• What is a recent success you're particularly proud of?

On World Press Freedom Day, I ran a multi-platform social media campaign addressing the current gender disparity in the news. It was an awareness-building campaign to challenge the lack of diversity in reporting. The call to action, #CheckYourBylines, encouraged people to check the home page of their favorite newspaper and count how many were written by women. To my surprise, it was widely picked up in the community, but it was even more expansive. Some of the vendors we work with told us about how they saw our content everywhere that day, and people are now incorporating that hashtag in the day-to-day! I was proud that the message ended up so widely received.

  • What is most important in your work?

The most important aspect of my work is to keep the sincerity and humanity of messaging. I think it’s so easy to forget and slip away from what is important, and why you entered the field in the first place within the day to day. I think to keep things fresh and engaging, you have to remember why you chose the field and why what the work you do is important, but I think that applies to any position in the social justice field in general!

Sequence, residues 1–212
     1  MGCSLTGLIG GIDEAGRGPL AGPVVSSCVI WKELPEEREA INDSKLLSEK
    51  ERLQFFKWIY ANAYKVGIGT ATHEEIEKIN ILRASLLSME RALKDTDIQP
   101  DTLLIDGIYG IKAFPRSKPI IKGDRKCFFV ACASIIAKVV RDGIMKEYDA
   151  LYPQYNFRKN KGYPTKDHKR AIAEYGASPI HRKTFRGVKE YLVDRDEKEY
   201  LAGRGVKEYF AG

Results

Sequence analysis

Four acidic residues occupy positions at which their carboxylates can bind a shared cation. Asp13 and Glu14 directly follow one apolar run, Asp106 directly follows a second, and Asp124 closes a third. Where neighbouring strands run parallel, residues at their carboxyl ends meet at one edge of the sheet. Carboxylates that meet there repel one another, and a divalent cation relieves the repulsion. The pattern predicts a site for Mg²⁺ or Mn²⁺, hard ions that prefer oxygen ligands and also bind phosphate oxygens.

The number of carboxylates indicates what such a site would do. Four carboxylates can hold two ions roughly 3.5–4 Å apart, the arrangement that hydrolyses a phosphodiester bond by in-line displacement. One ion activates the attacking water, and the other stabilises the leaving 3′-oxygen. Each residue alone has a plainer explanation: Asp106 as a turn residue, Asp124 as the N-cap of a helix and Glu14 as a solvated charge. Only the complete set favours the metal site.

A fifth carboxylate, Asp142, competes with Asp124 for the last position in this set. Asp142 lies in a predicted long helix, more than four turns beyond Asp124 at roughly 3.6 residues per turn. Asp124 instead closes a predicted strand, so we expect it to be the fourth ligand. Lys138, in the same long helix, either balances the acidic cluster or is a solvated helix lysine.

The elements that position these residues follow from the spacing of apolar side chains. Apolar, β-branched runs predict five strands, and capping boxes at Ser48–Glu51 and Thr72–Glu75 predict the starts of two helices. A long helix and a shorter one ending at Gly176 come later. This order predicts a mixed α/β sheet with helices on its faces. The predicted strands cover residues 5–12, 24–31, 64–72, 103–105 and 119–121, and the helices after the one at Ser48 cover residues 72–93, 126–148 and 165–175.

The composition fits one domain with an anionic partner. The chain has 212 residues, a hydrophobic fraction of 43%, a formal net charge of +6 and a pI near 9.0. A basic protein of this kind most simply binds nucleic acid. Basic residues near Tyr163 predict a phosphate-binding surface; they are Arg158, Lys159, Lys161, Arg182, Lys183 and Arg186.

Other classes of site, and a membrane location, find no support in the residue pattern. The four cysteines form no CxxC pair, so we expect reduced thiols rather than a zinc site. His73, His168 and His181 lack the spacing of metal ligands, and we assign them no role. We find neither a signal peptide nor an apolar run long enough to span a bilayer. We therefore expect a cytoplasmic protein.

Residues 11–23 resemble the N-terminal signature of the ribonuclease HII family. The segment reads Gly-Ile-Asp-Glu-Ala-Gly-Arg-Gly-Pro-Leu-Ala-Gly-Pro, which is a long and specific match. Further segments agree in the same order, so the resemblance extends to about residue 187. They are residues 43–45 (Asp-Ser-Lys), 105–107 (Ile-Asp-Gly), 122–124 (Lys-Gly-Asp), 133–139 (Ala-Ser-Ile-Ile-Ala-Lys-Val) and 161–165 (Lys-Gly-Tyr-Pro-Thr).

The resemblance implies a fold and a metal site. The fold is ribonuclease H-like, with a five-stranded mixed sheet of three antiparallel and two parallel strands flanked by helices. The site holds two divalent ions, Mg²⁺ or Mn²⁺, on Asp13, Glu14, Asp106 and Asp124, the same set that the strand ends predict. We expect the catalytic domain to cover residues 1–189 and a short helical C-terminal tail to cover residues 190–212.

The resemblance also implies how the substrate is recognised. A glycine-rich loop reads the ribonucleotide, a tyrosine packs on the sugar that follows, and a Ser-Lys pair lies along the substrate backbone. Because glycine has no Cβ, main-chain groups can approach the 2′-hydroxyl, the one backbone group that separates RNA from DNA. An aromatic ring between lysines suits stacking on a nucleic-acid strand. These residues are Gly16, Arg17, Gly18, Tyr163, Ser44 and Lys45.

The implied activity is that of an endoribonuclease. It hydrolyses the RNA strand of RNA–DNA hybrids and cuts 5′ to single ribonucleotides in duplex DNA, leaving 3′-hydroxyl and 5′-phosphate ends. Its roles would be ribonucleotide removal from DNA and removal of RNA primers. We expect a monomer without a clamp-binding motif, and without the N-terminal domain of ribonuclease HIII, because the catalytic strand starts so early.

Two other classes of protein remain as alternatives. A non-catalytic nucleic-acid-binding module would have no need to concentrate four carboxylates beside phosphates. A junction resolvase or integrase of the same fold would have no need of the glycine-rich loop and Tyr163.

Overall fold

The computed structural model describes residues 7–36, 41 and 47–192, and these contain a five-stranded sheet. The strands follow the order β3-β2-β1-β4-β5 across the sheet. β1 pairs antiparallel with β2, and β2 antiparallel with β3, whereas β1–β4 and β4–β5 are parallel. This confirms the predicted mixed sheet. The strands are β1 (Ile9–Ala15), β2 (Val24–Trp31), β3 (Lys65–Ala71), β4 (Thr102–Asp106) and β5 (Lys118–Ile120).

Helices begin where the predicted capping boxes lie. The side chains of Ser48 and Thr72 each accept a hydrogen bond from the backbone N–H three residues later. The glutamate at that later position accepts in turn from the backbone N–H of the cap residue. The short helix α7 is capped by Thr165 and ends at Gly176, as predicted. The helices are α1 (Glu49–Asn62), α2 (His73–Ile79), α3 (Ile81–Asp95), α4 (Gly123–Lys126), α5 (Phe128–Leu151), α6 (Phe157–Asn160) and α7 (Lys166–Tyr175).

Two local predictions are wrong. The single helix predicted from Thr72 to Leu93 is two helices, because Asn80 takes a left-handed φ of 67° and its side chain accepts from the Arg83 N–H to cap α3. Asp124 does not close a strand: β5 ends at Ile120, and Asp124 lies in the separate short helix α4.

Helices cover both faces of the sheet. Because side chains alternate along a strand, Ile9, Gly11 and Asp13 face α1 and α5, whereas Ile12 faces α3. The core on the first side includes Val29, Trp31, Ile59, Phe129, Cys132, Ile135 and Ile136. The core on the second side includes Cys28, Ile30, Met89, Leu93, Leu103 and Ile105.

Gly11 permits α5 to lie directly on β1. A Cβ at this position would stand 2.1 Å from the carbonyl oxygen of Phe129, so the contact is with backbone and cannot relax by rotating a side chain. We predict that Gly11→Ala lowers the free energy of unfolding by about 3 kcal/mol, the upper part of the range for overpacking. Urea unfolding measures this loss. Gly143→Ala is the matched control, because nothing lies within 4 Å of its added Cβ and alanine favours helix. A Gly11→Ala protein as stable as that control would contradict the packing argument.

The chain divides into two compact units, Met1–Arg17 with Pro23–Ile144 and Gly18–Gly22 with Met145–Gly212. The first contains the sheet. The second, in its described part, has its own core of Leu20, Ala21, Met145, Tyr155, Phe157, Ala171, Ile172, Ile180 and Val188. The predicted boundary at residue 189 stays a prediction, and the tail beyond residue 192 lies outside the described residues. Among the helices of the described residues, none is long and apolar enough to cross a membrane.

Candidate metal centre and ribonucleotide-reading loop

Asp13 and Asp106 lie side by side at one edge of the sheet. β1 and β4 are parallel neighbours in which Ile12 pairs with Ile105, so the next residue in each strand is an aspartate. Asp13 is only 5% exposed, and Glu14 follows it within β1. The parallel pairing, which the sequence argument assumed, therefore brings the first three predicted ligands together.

• How would you say the media landscape in your field has changed since you started working?

I think what’s been most interesting is seeing the difference of the priorities in social media strategies. When I first started, I think the interest was having some sort of consistent presence online in general was the main goal. Now, I think there’s shift to use social media to cultivate a strong brand, especially after all the grassroots success seen in other groups and movements, such as the #MeToo movement, Times Up and March for Our Lives, which I think is amazing to see. I think this shift has been important because I feel like there’s a real energy to engage community members and helps smaller organizations see that through this engagement, larger waves can be made.